7. 7. Figure 7 Funds of Funds Would Contribute Little to Average Expense Ratio of Stock Funds Basis points, 1996–2006 Total Expense Ratio* “Conventional” “Conventional” Mutual Funds Year Mutual Funds Only Plus Funds of Funds Difference 1996 102 102 0 1997 98 98 0 1998 96 96 0 1999 94 95 1 2000 98 99 1 2001 99 99 0 2002 100 101 1 2003 99 100 1 2004 95 96 1 2005 90 92 2 2006 88 90 2 *asset-weighted average sources: Investment Company Institute; Lipper; ValueLine Publishing, Inc.; CDA/Wiesenberger Investment Companies Service; © CRSP University of Chicago, used with permission, all rights reserved (312.263.6400/www.crsp.com); Primary datasource; and Strategic Insight Simfund 16 basis points, reflecting lower investor outlays for This sizable reduction in money market fees and one-time load fees at load funds, as well as a small expenses is due in part to a dramatic increase in the increase in the market share of no-load bond funds. share of money fund assets held in institutional money market funds. Institutional money funds, on average, The remainder of the drop in the total fees and have lower expense ratios than retail money market expenses paid on bond funds owed to a decline in the asset-weighted average expense ratio of bond funds. funds due to their larger average account size. The share of money fund assets held in institutional funds In 2006, the asset-weighted average expense ratio has, in fact, more than doubled since 1990, from just on bond funds declined by 3 basis points, to 67 basis 20 percent in 1990 to 57 percent in 2006. points. 8 Since 2004, the average expense ratio that shareholders paid for investing in bond funds has Two factors helped foster the increase in the fallen 5 basis points, a reduction that will save them market share of institutional money funds. First, an estimated $750 million annually going forward businesses and other institutions have increasingly assuming the reduction persists.9 recognized the benefits that institutional money funds offer in terms of scale economies, liquidity, Money Market Fund Fees and Expenses diversification, and monitoring of credit risk. Second, The average fees and expenses paid by money market the market share of retail money funds has been fund investors fell 2 basis points in 2006, to 40 basis pushed down since the late 1990s because brokerage points. From 1980 to 2006 money market fees and firms have relied less on money market funds and expenses have declined by 15 basis points, a 27 percent more on bank money market deposit accounts as reduction. cash management vehicles for their retail clients. June 2007 Vol. 16, No. 2 Fundamentals Page 7
  8. 8. Notes 1 For more details, see John D. Rea and Brian K. Reid, 7 Because funds of funds invest in other mutual funds, they “Trends in the Ownership Cost of Equity Mutual Funds,” incur indirect and direct expenses. Indirect expenses are those Perspective, Vol. 4, No. 3, November 1998 (www.ici.org/ that they incur by virtue of their investments in underlying pdf/per04-03.pdf). “conventional” mutual funds, which have expense ratios of their own. As “shareholders” in those underlying funds, funds 2 Except where noted, fees and expenses reported in this article of funds implicitly incur the expense ratios of the underlying are measured as asset-weighted averages. An asset-weighted funds through a reduction in the returns they receive, in average is the appropriate way to measure the fees that precisely the same way that all other retail or institutional investors actually pay through mutual funds. Simple averages investors in conventional mutual funds do. Direct expenses can overstate the importance of fees and expenses in funds in constitute any other operating expenses that a fund of funds which investors hold few dollars. incurs, which may include advisory or administrative fees, 3 The contribution analysis in Figure 3 is determined by first 12b-1 fees, transfer agent fees, or other expenses. To properly and fully account for the expenses that shareholders incur for calculating the amount by which the asset-weighted average investing in funds of funds, only the direct expense of funds expense ratio of equity funds would have declined if the of funds must be counted (the indirect expenses of funds of expense ratio of each and every equity fund had remained funds have already been counted through the expense ratios unchanged between 2005 and 2006. This contributed ¾ of a of the conventional mutual funds in which the funds of funds basis point (labeled in Figure 3 as “Increase in Market Share have invested). In addition, the assets of funds of funds must of Lower Expense Ratio Funds”) to the 2-basis-point reduction be excluded from the asset-weighting of the expense ratios of in the asset-weighted average expense ratio of equity funds. individual stock funds. This is because the assets of funds of By definition, the remaining 1¼ basis points must owe to funds have already been captured through their investments changes in fund expense ratios between 2005 and 2006 in underlying conventional stock funds. (labeled in Figure 3 as “Fall in Expense Ratios of Individual Funds”). 8 To date, funds of funds have had essentially no influence 4 The $4.6 billion estimated savings per year is based on stock on the asset-weighted average expense ratio of bond funds (far less than 1 basis point). For this reason, we do not fund assets of $6,564 billion as of year-end 2006 (i.e., $6,564 report asset-weighted average expense ratios for bond funds billion × 7 basis points). If stock fund assets or expense ratios adjusted for the influence of funds of funds. differ, the annual savings could be either greater or lower than $4.6 billion. 9 The $750 million estimated savings is based on bond fund 5 Funds of funds are mutual funds that invest in other mutual assets of $1,495 billion as of year-end 2006 (i.e., $1,495 billion × 5 basis points). funds. A very small number of funds of funds also invest in exchange-traded funds. The great majority of funds of funds, and virtually all of the assets in funds of funds, are held in equity or hybrid mutual funds, both of which ICI classifies as “stock funds” for purposes of measuring mutual fund fees and expenses. 6 Lifecycle funds are funds of funds that follow a predetermined reallocation of risk over time to a specified target date, and typically rebalance their portfolios to become more conservative and income-producing by the target date. Lifestyle funds are funds of funds that maintain a predetermined risk level and generally use words such as “conservative,” “moderate,” or “aggressive” in their names to indicate the fund’s risk level. The ICI Research Department maintains a comprehensive program of research and statistical data collections on investment companies and their shareholders. Research staff collects and disseminates industry statistics, and conducts research studies relating to issues of public policy, economic and market developments, and shareholder demographics. For a current list of ICI research and statistics, visit the Institute’s public website at www.ici.org/stats/index.html. For more information on this issue of Fundamentals, contact ICI’s Research Department at 202/326-5913. Copyright © 2007 by the Investment Company Institute The Investment Company Institute (ICI) is the national association of U.S. investment companies. ICI seeks to encourage adherence to high ethical standards, promote public understanding, and otherwise advance the interests of funds, their shareholders, directors, and advisers. Page 8 Fundamentals June 2007 Vol. 16, No. 2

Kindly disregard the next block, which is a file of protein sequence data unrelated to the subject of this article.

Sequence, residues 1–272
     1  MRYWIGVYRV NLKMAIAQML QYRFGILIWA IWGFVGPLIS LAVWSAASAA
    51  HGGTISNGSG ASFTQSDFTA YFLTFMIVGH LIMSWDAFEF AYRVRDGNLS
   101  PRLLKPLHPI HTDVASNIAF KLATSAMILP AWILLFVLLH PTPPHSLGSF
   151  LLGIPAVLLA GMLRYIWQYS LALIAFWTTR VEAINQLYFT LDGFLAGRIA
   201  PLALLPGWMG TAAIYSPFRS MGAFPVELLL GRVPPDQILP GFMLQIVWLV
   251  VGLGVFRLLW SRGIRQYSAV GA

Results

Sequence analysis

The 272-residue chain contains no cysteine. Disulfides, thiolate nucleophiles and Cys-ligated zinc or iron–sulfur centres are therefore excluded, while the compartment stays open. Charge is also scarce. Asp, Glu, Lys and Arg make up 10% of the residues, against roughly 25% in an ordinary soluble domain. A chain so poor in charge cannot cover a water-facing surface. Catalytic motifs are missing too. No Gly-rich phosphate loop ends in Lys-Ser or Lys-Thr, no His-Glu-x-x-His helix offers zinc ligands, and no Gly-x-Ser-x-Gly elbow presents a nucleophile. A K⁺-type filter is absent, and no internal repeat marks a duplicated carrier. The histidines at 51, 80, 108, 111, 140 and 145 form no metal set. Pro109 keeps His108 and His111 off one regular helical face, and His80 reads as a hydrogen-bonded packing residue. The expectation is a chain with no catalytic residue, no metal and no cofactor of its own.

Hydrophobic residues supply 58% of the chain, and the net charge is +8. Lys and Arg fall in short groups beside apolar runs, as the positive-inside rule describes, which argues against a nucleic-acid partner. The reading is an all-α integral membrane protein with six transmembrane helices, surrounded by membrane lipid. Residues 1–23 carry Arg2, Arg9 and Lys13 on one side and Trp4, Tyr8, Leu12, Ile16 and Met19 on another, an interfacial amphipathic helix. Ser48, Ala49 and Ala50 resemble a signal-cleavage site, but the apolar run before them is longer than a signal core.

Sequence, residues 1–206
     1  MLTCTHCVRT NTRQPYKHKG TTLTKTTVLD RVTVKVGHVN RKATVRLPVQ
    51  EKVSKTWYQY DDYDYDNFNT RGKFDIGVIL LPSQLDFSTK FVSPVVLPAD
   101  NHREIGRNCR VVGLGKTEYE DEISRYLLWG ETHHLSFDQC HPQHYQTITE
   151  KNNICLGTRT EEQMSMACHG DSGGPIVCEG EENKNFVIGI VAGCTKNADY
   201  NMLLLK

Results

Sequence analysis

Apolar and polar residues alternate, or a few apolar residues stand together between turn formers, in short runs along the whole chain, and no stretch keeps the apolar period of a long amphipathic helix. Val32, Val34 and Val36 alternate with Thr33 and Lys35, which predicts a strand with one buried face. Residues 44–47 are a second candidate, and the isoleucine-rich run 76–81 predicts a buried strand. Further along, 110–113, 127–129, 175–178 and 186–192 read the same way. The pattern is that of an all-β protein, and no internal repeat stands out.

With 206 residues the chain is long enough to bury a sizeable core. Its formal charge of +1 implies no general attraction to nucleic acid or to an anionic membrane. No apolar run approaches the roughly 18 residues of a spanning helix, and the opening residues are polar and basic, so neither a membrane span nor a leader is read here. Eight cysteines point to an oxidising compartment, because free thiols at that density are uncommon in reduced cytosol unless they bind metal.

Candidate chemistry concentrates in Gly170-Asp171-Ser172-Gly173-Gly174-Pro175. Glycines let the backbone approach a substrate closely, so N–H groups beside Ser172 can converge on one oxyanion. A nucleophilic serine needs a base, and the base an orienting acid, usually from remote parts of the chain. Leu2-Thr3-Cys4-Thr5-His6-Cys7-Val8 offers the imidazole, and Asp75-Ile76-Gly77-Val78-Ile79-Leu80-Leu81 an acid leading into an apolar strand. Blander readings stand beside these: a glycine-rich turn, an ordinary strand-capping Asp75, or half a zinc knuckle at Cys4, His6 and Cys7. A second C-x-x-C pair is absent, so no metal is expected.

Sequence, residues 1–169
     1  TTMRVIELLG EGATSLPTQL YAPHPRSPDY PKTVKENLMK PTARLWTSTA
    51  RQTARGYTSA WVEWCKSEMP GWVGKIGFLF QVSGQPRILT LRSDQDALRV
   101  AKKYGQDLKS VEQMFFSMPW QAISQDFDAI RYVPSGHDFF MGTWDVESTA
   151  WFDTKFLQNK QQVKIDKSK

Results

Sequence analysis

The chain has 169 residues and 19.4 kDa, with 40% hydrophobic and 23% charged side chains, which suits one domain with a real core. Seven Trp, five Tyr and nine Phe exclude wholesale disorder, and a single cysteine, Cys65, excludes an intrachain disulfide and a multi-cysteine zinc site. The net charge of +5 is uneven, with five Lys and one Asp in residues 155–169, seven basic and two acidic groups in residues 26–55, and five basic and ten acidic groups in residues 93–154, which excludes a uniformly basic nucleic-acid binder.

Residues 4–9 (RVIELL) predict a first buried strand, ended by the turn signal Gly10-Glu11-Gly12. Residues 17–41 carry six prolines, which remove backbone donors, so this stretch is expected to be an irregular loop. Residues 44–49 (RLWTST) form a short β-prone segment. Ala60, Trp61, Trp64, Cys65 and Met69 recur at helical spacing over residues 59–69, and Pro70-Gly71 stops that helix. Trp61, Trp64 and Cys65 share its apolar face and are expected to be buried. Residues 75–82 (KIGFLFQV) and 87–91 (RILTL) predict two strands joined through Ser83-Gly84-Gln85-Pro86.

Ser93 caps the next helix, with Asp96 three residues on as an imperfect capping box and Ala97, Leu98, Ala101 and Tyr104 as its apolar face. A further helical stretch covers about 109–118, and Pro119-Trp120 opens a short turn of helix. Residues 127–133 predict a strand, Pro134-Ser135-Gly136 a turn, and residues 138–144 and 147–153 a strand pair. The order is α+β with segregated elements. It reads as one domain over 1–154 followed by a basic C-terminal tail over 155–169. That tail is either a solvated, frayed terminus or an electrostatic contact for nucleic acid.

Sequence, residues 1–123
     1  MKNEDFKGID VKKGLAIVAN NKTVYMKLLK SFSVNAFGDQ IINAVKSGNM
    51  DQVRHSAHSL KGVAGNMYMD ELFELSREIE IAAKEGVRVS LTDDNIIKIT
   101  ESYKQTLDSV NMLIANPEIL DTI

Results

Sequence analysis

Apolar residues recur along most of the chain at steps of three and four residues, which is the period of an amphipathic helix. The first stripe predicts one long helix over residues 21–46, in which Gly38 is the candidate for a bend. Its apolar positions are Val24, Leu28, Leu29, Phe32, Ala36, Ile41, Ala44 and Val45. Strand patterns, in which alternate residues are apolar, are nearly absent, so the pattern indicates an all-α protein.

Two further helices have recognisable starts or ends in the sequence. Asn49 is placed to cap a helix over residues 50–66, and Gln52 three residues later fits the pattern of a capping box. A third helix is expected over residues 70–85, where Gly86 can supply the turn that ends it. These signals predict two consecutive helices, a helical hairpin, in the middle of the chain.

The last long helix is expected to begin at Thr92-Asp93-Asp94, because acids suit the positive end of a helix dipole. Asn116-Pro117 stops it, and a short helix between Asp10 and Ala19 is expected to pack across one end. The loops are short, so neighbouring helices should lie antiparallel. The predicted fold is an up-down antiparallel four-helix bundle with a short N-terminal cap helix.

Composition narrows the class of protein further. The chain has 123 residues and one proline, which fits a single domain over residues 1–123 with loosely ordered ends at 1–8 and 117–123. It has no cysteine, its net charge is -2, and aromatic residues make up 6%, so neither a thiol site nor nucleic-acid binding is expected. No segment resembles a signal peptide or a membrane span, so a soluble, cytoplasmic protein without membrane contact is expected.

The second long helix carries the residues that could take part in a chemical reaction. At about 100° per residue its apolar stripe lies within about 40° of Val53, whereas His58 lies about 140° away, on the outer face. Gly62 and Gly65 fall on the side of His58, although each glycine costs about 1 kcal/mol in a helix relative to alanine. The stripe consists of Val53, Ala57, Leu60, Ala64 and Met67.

×